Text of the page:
The Federal Trade Commission is warning of a new spin on a well-known scam involving gift cards.
You’ve probably heard the stories: a victim receives a call, email or even a text message requesting funds for a seemingly legitimate and worthy cause. The victim is asked to send gift cards or otherwise transfer money to the scammer, who then disappears without a trace.
The FTC says scammers are now pretending to be religious officials - pastors, rabbis, priests or bishops - and are asking worshipers for gift card contributions.
“Appeals are often made by email, but we’ve heard people are also getting texts and phone calls, too,” said Colleen Tressler, FTC Consumer Education Specialist.
The emails typically include the name of a local pastor and an authentic-looking email address. But a closer analysis raises many red flags. For example, the address and service provider isn’t the one the church normally uses, and the email may begin with the word “hi” without actually addressing the recipient by name. Spelling errors are also common in these types of emails.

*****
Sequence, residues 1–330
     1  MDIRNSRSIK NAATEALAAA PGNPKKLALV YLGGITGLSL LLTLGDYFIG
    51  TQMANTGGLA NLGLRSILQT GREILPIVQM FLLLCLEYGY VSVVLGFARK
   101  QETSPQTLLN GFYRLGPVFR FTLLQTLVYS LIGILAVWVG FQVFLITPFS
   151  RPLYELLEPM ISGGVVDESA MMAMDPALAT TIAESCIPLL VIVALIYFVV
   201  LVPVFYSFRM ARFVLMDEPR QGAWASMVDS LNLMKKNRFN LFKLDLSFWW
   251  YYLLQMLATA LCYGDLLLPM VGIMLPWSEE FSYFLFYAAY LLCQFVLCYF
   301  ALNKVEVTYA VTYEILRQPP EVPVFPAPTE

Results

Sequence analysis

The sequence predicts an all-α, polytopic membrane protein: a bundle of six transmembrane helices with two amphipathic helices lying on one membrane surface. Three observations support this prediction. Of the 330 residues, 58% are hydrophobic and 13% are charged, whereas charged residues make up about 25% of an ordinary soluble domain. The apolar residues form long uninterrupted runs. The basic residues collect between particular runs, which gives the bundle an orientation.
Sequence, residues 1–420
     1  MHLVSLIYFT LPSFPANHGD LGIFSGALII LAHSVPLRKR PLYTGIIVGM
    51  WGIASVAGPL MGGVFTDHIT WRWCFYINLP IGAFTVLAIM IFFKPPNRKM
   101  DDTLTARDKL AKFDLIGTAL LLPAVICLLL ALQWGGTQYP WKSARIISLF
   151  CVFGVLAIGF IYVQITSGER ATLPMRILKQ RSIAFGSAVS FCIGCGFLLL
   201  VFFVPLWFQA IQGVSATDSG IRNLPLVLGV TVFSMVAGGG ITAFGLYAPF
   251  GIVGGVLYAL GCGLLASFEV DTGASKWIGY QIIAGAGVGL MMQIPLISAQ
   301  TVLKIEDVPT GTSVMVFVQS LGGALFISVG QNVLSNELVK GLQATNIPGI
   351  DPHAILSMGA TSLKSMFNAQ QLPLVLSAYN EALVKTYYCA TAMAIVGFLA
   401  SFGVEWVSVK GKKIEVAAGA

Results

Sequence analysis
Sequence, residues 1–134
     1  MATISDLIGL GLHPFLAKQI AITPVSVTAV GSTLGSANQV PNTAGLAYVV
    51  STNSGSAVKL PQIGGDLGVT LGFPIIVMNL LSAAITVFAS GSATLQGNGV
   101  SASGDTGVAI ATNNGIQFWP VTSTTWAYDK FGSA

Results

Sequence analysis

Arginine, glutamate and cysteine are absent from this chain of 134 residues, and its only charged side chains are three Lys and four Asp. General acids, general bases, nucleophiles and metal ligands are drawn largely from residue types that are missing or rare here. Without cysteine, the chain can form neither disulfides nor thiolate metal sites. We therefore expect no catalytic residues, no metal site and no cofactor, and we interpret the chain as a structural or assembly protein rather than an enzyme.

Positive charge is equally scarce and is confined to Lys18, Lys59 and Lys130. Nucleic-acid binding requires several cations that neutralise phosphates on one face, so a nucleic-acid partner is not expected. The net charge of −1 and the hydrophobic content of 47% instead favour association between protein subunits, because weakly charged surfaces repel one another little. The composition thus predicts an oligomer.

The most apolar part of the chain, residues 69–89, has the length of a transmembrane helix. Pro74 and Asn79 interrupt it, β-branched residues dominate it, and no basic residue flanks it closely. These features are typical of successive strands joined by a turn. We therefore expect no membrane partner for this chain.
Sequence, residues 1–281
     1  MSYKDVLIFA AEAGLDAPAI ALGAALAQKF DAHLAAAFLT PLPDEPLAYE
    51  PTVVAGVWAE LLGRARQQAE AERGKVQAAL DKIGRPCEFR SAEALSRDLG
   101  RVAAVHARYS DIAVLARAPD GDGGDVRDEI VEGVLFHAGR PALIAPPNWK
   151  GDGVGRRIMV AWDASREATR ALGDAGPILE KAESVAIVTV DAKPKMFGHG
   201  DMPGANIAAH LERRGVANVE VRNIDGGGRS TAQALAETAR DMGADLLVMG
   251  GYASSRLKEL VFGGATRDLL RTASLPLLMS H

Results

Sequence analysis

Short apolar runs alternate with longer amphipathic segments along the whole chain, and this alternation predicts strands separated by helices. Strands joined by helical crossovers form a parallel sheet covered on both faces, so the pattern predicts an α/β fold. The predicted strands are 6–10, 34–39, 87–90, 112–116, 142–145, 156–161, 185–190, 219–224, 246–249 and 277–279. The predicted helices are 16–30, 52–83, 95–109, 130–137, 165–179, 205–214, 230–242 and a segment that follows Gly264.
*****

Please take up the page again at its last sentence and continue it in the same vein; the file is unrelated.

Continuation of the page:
The scammer will often ask the victim to purchase a gift card for Amazon, iTunes or Google Play and request that the victim provides the gift card number and PIN on the back of the card.
“Those numbers let the scammer immediately get the money you loaded onto the card. And once that’s done, the scammer and your money are gone, usually without a trace,” said Tressler.
If you or someone you know paid a scammer with a gift card, it’s critical to report it as soon as possible. Start by calling the card company and telling them that the gift card was used in a scam.
Victims can also report incidences to the FTC at ftc.gov/complaint. These reports are used to launch investigations and help stop scammers in their tracks.
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